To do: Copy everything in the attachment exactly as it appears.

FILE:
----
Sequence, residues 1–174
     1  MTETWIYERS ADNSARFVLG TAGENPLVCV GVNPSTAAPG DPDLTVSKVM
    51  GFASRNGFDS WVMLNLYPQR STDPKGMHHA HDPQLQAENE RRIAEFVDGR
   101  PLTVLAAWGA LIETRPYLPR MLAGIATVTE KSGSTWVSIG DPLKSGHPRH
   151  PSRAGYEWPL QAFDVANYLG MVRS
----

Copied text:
Sequence, residues 1–174
     1  MTETWIYERS ADNSARFVLG TAGENPLVCV GVNPSTAAPG DPDLTVSKVM
    51  GFASRNGFDS WVMLNLYPQR STDPKGMHHA HDPQLQAENE RRIAEFVDGR
   101  PLTVLAAWGA LIETRPYLPR MLAGIATVTE KSGSTWVSIG DPLKSGHPRH
   151  PSRAGYEWPL QAFDVANYLG MVRS